Mothers-to-be with high levels of vitamin D have stronger children, scientists have found. In a study of almost 700 English mothers and their children, they found that the more of the so-called sunshine vitamin a woman had in her blood during pregnancy, the stronger her child’s grip at the age of four. It is thought that vitamin D has an effect on the way muscle fibres grow in the womb, helping them to work harder in later life.
Natural Health News Children are likely to have stronger muscles if their mothers had a higher level of vitamin D in their body during pregnancy, according to new research.
Low vitamin D status has been linked to reduced muscle strength in adults and children, but little is known about how variation in a mothers status during pregnancy affects her child.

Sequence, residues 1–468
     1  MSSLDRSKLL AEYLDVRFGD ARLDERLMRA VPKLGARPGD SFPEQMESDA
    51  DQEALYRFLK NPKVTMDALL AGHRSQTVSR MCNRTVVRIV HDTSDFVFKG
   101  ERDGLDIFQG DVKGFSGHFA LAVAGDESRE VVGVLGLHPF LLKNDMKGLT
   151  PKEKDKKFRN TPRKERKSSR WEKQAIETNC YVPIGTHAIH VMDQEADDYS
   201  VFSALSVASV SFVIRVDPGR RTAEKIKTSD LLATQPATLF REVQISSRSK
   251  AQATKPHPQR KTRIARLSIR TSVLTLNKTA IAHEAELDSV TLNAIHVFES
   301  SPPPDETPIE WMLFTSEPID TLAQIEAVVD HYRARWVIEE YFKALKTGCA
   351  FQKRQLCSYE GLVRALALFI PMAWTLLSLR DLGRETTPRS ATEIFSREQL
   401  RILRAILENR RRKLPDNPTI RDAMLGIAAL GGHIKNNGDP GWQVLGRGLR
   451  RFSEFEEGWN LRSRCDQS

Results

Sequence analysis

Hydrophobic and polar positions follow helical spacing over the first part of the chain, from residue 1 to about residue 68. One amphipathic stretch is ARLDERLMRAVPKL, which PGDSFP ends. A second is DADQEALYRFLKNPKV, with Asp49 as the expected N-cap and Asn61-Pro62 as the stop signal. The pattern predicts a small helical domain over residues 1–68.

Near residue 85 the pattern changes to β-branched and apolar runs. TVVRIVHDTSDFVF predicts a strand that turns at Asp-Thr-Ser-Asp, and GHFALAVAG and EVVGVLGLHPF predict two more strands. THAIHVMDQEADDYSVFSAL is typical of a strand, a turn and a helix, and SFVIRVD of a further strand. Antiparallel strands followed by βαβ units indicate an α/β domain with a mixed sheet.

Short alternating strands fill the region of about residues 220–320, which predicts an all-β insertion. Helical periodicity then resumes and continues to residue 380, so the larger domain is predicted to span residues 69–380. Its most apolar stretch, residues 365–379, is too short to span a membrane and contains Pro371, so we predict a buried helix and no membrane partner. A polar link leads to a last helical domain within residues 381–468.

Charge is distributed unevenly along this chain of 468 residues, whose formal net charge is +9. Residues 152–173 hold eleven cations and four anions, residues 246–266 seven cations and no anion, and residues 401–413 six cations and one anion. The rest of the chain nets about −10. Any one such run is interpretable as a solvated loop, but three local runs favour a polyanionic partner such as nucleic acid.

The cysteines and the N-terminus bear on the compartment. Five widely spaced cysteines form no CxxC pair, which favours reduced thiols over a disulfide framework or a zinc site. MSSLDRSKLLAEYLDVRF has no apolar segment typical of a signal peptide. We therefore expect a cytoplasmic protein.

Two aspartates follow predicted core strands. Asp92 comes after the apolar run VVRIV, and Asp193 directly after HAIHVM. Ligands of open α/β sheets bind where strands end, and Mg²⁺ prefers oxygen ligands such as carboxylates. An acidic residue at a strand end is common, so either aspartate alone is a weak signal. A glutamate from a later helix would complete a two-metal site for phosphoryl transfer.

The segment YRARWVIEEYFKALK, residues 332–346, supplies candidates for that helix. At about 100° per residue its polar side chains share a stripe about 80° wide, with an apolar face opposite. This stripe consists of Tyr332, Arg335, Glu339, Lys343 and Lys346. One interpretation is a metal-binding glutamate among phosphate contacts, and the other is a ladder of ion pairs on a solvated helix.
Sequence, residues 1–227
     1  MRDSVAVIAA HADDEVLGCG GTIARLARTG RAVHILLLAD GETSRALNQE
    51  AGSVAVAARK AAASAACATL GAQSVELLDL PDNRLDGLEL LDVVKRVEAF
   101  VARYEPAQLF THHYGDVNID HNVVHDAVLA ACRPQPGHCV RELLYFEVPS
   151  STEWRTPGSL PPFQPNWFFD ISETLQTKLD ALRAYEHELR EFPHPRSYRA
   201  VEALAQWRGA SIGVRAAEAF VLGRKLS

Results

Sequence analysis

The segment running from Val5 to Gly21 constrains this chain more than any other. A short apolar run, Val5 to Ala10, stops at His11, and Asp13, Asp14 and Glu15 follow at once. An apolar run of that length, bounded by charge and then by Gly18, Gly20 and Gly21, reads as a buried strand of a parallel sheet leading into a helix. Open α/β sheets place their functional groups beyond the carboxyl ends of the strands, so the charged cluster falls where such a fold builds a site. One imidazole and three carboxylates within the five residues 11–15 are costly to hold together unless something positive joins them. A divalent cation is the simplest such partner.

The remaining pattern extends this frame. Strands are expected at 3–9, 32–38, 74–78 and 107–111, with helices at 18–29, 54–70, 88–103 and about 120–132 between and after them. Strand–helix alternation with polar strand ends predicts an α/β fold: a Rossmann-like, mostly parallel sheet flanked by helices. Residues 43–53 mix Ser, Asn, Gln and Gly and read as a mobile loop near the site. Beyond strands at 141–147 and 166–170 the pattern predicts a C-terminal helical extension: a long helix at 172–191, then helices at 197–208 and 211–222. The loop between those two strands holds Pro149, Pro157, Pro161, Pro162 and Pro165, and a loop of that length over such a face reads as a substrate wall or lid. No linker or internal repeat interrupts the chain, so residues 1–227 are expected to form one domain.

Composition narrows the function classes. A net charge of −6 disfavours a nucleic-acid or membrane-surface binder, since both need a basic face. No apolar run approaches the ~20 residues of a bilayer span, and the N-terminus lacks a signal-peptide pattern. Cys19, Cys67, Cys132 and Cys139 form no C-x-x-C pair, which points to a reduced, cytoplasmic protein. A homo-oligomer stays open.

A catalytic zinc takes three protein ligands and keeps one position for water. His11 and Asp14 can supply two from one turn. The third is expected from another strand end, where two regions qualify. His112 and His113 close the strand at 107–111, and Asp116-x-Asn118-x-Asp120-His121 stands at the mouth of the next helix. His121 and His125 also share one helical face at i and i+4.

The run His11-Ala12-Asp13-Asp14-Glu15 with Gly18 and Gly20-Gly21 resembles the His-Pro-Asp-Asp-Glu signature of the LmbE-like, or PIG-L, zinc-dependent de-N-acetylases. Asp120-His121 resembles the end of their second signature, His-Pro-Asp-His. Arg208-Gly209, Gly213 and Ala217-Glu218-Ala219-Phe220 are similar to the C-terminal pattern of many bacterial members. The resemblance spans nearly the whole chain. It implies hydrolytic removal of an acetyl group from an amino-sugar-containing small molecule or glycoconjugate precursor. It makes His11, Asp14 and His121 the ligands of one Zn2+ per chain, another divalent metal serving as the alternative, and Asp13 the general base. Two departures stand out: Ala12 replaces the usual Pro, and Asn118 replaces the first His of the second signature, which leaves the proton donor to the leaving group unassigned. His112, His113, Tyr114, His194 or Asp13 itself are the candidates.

Low vitamin D concentrations are common among young women in the UK, and although women are recommended to take an additional 10?g/day of vitamin D in pregnancy, supplementation is often not taken up.
In new research, published in the January edition of the Journal of Clinical Endocrinology and Metabolism, scientists at the University of Southampton in the UK measured vitamin D levels in 678 mothers in the later stages of pregnancy.
When the children were four years old, grip strength and muscle mass were measured. Results showed that the higher the levels …
Vitamin D regulates the amount of calcium in the body, which helps to keep bones and teeth strong and healthy, as well as providing a baby with enough vitamin D in their first months.